“The Feres Doctrine leads to not only medical malpractice but also the abuse of power, mistreatment of survivors, lack of transparency and lack of accountability.”
-Alexis Witt, the widow of Air Force Sergeant Dean Witt
In 2003, Air Force Sgt. Dean Witt had a routine appendectomy at Travis Air Force Base. Tragically, after the procedure, Witt’s nurse administered a lethal dose of fentanyl and incorrectly inserted a breathing tube into his esophagus, depriving his brain of oxygen. Witt was left in a vegetative state for three months until his wife, Alexis, decided to have her husband’s feeding tube removed. The same nurse was linked to at least three other deaths, including the death of another airman just a year prior to Witt’s death.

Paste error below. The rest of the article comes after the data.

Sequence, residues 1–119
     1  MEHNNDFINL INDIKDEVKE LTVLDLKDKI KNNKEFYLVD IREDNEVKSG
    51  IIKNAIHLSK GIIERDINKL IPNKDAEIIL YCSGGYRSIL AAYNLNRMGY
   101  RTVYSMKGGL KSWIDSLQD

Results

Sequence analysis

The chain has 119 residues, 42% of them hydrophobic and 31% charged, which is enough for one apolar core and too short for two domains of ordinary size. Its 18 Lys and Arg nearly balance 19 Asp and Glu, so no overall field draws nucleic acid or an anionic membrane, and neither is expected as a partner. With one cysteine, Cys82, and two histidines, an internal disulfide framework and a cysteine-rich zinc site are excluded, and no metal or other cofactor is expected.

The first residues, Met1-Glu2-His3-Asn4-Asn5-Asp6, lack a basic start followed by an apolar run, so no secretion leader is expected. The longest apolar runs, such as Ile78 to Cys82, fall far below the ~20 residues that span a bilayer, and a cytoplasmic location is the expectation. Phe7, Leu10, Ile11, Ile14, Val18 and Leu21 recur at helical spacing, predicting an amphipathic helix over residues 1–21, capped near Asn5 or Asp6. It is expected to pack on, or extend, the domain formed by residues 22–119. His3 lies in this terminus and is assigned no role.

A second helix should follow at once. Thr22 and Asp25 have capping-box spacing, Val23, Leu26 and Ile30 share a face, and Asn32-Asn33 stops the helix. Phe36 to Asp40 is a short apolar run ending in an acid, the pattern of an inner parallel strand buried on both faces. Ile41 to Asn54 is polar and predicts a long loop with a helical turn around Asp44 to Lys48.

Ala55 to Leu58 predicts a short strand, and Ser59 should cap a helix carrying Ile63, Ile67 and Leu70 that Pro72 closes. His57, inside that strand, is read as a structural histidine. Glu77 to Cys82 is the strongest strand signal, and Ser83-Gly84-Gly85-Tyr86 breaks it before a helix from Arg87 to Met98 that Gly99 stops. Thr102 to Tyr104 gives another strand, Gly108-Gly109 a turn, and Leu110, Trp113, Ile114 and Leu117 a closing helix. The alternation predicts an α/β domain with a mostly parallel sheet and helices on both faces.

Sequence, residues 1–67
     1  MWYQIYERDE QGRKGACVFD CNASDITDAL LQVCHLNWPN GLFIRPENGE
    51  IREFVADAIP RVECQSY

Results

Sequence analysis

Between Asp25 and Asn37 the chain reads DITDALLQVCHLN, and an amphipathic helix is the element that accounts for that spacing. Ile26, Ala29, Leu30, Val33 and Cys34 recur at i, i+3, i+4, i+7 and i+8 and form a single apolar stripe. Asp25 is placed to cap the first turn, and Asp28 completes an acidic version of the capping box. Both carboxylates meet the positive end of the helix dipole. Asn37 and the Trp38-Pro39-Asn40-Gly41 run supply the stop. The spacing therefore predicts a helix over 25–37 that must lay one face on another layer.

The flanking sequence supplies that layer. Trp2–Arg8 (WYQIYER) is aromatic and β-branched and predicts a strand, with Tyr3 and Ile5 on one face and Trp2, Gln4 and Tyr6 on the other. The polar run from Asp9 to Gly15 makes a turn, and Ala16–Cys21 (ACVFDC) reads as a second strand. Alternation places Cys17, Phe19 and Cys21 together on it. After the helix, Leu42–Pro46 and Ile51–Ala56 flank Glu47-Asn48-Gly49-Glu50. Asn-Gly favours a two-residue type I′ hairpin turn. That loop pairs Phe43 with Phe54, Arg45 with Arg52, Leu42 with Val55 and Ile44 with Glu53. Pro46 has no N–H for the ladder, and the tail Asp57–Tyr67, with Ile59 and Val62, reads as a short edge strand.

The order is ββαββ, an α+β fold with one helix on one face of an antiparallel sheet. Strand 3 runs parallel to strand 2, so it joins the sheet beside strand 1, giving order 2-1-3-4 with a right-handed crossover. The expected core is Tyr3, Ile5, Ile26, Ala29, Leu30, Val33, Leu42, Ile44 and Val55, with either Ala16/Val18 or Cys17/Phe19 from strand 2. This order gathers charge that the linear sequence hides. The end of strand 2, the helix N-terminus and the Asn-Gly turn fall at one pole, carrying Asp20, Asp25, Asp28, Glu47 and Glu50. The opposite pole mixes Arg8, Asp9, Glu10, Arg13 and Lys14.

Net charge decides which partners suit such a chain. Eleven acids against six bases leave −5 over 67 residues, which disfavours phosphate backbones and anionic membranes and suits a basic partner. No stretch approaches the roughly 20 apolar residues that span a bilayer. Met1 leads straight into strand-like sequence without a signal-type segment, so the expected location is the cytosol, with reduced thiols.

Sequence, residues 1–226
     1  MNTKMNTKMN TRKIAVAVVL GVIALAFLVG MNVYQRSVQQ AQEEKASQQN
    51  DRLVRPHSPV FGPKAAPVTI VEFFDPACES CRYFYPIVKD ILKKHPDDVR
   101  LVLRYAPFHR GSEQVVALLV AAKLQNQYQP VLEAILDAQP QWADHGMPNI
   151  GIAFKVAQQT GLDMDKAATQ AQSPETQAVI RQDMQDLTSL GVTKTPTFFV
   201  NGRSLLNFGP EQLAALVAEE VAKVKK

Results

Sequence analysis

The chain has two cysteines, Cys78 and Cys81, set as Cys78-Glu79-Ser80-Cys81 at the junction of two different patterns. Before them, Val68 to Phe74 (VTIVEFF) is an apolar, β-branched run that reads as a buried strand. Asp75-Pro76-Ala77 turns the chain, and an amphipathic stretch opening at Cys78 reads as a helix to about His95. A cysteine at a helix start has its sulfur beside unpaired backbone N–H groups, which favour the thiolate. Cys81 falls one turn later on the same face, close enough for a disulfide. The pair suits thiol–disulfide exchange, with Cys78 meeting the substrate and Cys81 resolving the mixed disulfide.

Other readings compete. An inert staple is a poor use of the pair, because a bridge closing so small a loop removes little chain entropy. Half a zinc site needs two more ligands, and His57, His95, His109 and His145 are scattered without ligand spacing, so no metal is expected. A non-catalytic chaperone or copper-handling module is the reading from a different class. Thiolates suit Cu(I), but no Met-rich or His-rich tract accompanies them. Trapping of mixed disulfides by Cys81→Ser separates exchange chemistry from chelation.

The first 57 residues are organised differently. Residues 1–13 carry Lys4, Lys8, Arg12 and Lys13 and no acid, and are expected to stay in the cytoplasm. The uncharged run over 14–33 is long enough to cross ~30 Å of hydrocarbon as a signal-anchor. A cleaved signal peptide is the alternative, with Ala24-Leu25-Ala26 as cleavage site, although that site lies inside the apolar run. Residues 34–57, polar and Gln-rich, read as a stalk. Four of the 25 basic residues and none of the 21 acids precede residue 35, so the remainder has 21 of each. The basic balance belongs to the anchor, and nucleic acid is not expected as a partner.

In any other circumstance, Mrs. Witt would be able to hold accountable those whose negligence caused her husband’s death. However, because of a nearly 70-year-old Supreme Court decision that
prohibits active duty servicemembers from suing the government, including for medical malpractice, Mrs. Witt is left without recourse.